There is a certain irony in that we can be both our own biggest supporters, as well as our largest detractors. Too often, however, we sway to the side that plants us firmly and obstinately in our own way. In a society that largely focuses on negativity, we have become conditioned to tear ourselves down. Whether it be career performance, body image, relationships, or intelligence -- among so many other possibilities -- we have become elite blockers and defenders against our own positivity and success (in fact, as I write this, my spell check is telling me that positivity isn't even a word -- how fun of an example is that?).
During our journey into adulthood, we assimilate so much information -- so many beliefs, values, methods, and habits -- and construct our personalities based on them. For the majority of us, that also means that we carry insecurities, false truths, and generally just negative views about ourselves and our abilities. From the two basic fears we all bear -- the fear we are not enough (fear of failure), and the fear we will not be loved -- we compound and morph our own fears and insecurities to points where they become debilitating. Perhaps you are the perfectionist who strives for the unattainable, and has to cope with incredible anxiety as a result (personally guilty of this one here). Maybe your performance in our vaunted education system wasn't 'up to par', and now you carry the belief that you are less intelligent, or even 'stupid', in comparison to everyone else. You may even be a healthy person who has been bombarded with such ridiculous stereotypes about body image, that you take drastic or extreme measures (that are ultimately unhealthy) in order to be perceived as beautiful.
These examples are just a few amongst so many. They may seem drastically different, and are so from person-to-person. However, a common thread runs through almost all: we perpetuate them within ourselves. It's likely not a very appealing realization, but it is true; we may not have been responsible for the circumstances that created the belief in the first place, but we are absolutely responsible for allowing them to control our lives. So many blame outwardly, and this is not entirely without merit; society as a whole does lambaste us with such ridiculous notions of how to be seen, heard, and act. Ultimately, though, we are the ones in control of our lives, and are responsible not only for our actions, but for the beliefs we carry that directly feed those actions.
The first step in claiming responsibility (and the first in taking back your life from beliefs that are no longer serving you) is becoming aware that we are sabotaging ourselves. Pay attention to any negative self-talk, or common situations that breed stress, anxiety, or depressive states within yourself -- they're pretty clear sign posts that you're on the right track. It may be easy to simply do away with surface-level beliefs or actions we have adopted over time. Inevitably, though, we will discover self-limiting beliefs that require much more work on our part; "I'm ugly", "I'm stupid", "I always have to be in control" are all deeply-rooted beliefs that likely will not be easy to cast aside. Luckily, these beliefs can be bested -- and quite often, it starts with a simple question: why?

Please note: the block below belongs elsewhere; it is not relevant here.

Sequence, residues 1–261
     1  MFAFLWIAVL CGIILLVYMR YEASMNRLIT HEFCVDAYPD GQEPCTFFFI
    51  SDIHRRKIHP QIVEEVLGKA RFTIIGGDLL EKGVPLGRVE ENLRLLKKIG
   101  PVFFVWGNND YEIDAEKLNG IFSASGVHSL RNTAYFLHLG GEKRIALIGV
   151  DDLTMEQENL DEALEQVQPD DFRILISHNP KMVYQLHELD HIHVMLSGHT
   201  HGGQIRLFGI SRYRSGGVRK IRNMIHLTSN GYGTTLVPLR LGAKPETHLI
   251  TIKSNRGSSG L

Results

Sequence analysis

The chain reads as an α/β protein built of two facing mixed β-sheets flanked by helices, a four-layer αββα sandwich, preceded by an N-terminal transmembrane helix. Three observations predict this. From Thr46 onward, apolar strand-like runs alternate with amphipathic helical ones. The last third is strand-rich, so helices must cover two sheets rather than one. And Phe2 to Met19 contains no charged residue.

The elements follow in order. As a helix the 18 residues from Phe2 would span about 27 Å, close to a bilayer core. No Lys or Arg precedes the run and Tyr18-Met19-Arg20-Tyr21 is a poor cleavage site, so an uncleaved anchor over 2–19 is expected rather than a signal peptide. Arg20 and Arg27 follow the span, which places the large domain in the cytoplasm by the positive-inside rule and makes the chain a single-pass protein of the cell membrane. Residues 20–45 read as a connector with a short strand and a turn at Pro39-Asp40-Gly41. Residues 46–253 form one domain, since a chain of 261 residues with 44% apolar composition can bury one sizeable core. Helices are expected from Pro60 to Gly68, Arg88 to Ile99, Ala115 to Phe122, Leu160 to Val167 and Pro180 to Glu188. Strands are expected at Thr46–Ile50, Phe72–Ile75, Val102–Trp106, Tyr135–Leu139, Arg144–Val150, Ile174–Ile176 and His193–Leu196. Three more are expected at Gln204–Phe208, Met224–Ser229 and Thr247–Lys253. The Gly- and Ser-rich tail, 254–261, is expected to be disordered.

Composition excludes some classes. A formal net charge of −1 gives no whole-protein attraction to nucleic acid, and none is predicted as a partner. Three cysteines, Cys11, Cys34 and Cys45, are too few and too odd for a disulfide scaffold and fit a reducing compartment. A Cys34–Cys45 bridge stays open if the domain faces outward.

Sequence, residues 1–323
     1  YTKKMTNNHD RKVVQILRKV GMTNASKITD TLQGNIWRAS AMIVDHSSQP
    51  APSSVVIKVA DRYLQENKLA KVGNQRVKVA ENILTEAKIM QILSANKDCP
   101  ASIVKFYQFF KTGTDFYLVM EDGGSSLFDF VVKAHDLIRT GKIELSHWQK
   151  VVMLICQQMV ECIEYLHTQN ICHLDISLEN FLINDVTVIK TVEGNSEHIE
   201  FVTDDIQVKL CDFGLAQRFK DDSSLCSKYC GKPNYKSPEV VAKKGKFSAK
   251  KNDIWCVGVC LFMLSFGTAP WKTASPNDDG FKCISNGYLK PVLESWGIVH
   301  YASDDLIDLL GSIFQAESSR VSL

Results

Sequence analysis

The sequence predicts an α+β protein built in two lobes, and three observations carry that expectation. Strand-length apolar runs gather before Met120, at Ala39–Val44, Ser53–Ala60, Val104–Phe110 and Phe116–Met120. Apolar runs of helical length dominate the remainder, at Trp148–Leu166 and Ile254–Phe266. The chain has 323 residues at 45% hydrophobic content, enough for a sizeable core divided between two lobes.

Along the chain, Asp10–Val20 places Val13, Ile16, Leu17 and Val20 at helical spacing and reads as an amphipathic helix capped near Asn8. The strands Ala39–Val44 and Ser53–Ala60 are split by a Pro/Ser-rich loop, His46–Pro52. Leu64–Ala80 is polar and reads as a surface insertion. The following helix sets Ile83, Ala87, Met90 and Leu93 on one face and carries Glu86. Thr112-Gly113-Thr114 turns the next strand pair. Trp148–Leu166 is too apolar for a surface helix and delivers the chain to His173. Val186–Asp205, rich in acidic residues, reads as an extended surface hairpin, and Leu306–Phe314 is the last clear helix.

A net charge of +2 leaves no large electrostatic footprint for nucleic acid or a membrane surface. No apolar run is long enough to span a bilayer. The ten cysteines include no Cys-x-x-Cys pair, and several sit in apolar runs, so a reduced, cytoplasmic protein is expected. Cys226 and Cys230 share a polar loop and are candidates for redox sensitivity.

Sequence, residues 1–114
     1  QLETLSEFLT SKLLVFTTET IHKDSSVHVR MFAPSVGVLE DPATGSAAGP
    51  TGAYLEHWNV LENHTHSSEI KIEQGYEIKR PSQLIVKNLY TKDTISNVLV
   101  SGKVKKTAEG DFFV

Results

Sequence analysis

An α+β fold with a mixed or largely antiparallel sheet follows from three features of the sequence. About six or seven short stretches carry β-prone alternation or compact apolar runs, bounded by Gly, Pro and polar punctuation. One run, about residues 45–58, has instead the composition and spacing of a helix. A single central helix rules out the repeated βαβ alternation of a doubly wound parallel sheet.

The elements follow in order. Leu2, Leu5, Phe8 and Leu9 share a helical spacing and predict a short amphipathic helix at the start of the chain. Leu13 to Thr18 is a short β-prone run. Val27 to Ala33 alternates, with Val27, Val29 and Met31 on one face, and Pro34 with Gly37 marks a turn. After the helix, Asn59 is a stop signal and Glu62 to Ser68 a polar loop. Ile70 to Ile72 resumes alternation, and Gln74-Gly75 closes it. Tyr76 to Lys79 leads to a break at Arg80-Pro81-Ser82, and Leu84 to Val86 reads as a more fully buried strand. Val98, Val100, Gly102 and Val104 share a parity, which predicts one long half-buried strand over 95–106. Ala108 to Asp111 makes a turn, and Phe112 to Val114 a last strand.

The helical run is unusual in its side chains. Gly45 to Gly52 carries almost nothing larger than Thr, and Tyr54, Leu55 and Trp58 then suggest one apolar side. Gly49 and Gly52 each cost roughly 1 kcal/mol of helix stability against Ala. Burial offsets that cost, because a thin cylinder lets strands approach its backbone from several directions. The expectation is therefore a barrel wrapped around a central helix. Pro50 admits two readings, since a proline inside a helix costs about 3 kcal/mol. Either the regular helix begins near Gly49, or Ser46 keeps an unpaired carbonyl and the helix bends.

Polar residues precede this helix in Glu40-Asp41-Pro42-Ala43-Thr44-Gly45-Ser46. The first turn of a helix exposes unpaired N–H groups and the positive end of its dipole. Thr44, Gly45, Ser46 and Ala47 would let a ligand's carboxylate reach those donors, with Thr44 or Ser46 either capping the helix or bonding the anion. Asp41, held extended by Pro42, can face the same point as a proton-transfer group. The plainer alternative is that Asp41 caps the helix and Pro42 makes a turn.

Once you've identified what belief is limiting you, ask yourself why you believe that. Something in your past shaped the way you see yourself, and it has morphed and evolved with you -- along for a reckless and hurtful ride. This is where introspective soul-searching becomes difficult for many, and I've surprised more than one client with the depth required to uncover more about their self-limiting belief. Discovering the initial instance that caused the belief within yourself can be gratifying, as you know specifically the issue to work on. In many cases, however, the original instance may not be retrievable, or singular in the first place; a homogenization of similar instances may have bred the belief into existence. Whilst the detective in us may be sated with discovering the real root of the matter, it isn't required in order to change the belief -- only the why is. If straightforwardly asking yourself why you have a certain belief does not glean a clear response, try asking yourself, "How does believing this about myself serve me and my goals/intentions/aspirations moving forward?" Framing your perception of the belief around its usefulness to you moving forward can help to determine whether it's something you want to hold onto.
Ultimately, we choose what we believe about ourselves. We may not have had the original choice when the belief was developed, but we certainly have the power to choose it now. That really is the key -- we choose to let self-limiting beliefs control us. The great thing, though, is that we are constantly changing, growing, adapting, and learning. To remove something from your life that does not serve you now, nor how you want to live in the future, is the act of weeding your proverbial garden. Holding onto self-limiting beliefs diminishes us, our abilities, and our aspirations; they cause us to be small. I argue that we should be the biggest, brightest, and most beautiful we can be. We owe it to ourselves.
** View the video for this post HERE **